After a while, Durrell wrestled the AMD microchip, an integrated CPU and GPU, away from the circuit board using a heat gun and pair of pliers. This is the component that breathes Frankenstein-like life into the machine’s inanimate assembly of earthly materials. He held it up, and we all squinted at the flattened forest green square with plastic hairs fraying at its edges. “You miniaturize the product, and you maximize your carbon footprint,” Barlow said. “Even though it’s very little material, the processing energy is absolutely huge, and the end of life is almost impossible. It’s basically single-use.”

Under the microscope, I could see just how intricate the chip is, geometric lines multiplying in every direction like a Japanese cityscape. For a split-second, I was overwhelmed by its vastness, experiencing what some people might describe as “technological sublime.” It feels like vertigo. Away from the microscope and firmly back in the real world, I scheduled a call with California-based microchip expert Sarah Boyd.

The first point to bear in mind — because there are over 100 million PlayStation 4s out there, and AMD also produces chips like this for Microsoft’s own Xbox One console — is the scale at which these tiny objects are being produced. Such immense numbers become even more mind-boggling when you consider not only the intricacy of the actual manufacturing process but the conditions under which these microchips are made. Boyd told me it takes approximately 400 process steps to create chips like this in sparkling clean rooms inhabited by humans wearing iconic bunny suits and futuristic-looking robots.

Why do microchips demand such pristine manufacturing conditions? It’s essentially so that no unwanted particles find their way into the microscopic components. Boyd described Inception-like layers of rooms in cavernous facilities, each more filtered than the last, until you reach a final chemically scrubbed clean room. Ultra-pure water, air, argon, and nitrogen are all ferried around arrays of tubes and pipes, which, at times, resemble the complexity of an actual organism. A clean room’s floor is often actually a grate, under which a “sub-fab” lies where some of these tubes lead to equipment that sucks in lots of nasty chemicals and transforms them into less nasty chemicals. Such intensive air filtration and purifying procedures require almost cataclysmic amounts of electricity, which comes with its own carbon cost.

There is a darker, more direct way in which microchip manufacturing impacts humans and the climate, Boyd explained. Perfluorocarbons, potent greenhouse gases, are key to the manufacturing process. Inside the clean room equipment, high-energy plasma is used to break these perfluorocarbon gases apart, which subsequently releases highly corrosive fluorine. One example is nitrogen trifluoride, a greenhouse gas that is 16,100 times more powerful than carbon dioxide at trapping atmospheric heat. Needless to say, this spells bad news if the chemical does leak into Earth’s atmosphere. Worse yet is the effect such gases can have on the immediate surroundings if, for any reason, disposal systems within the manufacturing facility don’t function correctly.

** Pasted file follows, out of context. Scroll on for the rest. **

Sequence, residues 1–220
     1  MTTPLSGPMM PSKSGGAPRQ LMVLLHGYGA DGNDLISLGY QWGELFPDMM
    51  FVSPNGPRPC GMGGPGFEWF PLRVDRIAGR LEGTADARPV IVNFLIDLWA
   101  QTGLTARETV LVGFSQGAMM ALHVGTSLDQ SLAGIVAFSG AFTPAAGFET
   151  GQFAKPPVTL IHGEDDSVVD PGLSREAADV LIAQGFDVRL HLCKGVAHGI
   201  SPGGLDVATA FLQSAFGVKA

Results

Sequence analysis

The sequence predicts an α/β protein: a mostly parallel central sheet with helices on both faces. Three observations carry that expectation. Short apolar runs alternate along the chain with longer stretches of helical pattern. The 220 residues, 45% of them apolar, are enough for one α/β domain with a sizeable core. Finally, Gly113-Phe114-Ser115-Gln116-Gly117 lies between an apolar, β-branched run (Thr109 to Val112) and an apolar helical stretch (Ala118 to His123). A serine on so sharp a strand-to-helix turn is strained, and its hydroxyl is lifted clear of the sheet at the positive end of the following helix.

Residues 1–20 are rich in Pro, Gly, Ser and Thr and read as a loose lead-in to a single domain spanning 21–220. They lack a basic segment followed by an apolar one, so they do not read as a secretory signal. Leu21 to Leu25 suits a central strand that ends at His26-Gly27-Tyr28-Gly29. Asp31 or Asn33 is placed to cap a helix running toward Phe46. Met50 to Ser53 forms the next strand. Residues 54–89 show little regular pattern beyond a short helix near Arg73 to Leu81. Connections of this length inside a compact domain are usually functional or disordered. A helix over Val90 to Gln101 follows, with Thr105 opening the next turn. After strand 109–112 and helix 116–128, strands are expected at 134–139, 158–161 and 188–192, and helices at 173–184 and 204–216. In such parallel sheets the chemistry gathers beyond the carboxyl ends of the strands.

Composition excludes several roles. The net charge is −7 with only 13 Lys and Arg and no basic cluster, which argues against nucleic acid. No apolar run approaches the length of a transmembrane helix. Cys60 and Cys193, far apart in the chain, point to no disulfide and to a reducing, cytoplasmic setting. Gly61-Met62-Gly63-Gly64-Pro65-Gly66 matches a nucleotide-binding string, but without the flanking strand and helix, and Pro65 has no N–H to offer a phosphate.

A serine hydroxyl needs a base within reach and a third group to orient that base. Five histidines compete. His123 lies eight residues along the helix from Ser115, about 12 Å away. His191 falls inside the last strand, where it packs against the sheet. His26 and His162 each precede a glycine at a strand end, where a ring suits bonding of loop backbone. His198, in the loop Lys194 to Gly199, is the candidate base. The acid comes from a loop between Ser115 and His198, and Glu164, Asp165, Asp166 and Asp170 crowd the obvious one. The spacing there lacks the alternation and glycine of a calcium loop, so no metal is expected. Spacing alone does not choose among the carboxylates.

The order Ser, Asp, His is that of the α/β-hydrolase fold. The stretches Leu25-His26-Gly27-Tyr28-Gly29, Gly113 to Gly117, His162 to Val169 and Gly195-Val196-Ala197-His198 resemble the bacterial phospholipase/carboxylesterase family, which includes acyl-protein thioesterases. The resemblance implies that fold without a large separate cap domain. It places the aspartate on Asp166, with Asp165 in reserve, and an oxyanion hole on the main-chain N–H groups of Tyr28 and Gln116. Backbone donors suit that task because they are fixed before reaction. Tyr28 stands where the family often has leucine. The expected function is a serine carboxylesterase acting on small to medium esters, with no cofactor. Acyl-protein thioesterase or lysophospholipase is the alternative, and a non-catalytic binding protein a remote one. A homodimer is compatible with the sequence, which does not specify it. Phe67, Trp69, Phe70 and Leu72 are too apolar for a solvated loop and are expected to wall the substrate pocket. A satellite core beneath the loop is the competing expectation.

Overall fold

Boyd described one incident in Asia where highly toxic fluorines escaped into the factory parking lot, and layers of employees’ windscreens started to literally disappear. “You can’t even imagine what’s happening to the people exposed to it directly in the air outside,” she said.


A different kind of terror lurks in the Chinese factories that actually assemble these machines. On the back of the PlayStation 4 we deconstructed in Cambridge, it simply read: “Made in China.” But other machines carry different text. At home, my console states: “Made in China MTK.” When I asked a friend to look at his PS4, he sent a grainy photo showing the text “Made in China FOX.”

MTK and FOX refer to two giant contract manufacturers, Maintek and Foxconn. Remember the top lid that Durrell popped off so easily? That was made by Casetek, which, alongside Maintek, is part of Pegatron, a giant corporation that creates consumer electronics, including the iPhone. You can find Maintek’s factory at the same address as Casetek in Suzhou, China. No. 233, Jinfeng Road is a monumental site employing up to 80,000 workers in peak season. In 2014, Students and Scholars Against Corporate Misbehaviour, a non-government organization based in Hong Kong, detailed abhorrent conditions there, including punishing work spells that can last for 10 weeks at a time, illegal charges for health checks, little protective equipment, and excessive performance-related fines.